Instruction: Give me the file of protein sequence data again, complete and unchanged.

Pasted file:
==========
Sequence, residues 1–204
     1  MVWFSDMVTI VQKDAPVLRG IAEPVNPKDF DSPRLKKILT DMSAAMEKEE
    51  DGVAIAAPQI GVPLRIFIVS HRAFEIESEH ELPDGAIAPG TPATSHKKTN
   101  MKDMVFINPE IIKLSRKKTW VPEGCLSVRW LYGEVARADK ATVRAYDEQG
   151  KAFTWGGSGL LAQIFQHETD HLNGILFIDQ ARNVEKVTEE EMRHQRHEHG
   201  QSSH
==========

Sequence, residues 1–204
     1  MVWFSDMVTI VQKDAPVLRG IAEPVNPKDF DSPRLKKILT DMSAAMEKEE
    51  DGVAIAAPQI GVPLRIFIVS HRAFEIESEH ELPDGAIAPG TPATSHKKTN
   101  MKDMVFINPE IIKLSRKKTW VPEGCLSVRW LYGEVARADK ATVRAYDEQG
   151  KAFTWGGSGL LAQIFQHETD HLNGILFIDQ ARNVEKVTEE EMRHQRHEHG
   201  QSSH